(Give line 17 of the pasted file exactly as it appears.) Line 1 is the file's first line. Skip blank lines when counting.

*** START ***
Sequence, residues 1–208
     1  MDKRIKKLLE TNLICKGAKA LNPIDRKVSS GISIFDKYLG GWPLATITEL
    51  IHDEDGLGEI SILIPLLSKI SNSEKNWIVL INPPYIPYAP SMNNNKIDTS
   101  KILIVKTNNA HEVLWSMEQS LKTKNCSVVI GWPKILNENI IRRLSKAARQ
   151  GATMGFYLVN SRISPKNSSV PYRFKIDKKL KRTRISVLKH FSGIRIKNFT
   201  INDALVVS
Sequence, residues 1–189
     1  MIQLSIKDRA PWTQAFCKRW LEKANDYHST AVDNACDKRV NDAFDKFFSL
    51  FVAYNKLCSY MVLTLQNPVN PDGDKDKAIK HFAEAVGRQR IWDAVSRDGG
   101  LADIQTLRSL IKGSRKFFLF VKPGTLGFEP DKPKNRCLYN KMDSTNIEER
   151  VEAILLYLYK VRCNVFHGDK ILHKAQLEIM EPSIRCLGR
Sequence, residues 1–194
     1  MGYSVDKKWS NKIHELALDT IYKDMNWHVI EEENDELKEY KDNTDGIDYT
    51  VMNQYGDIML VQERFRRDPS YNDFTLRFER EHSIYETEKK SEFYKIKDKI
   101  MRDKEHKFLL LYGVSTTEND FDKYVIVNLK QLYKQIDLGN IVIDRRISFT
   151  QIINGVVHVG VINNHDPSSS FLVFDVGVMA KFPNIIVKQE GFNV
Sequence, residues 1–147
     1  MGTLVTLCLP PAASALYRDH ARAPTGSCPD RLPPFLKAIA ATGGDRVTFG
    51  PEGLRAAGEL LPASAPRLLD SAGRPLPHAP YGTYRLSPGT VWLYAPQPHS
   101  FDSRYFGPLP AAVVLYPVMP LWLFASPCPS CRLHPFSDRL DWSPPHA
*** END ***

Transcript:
Sequence, residues 1–147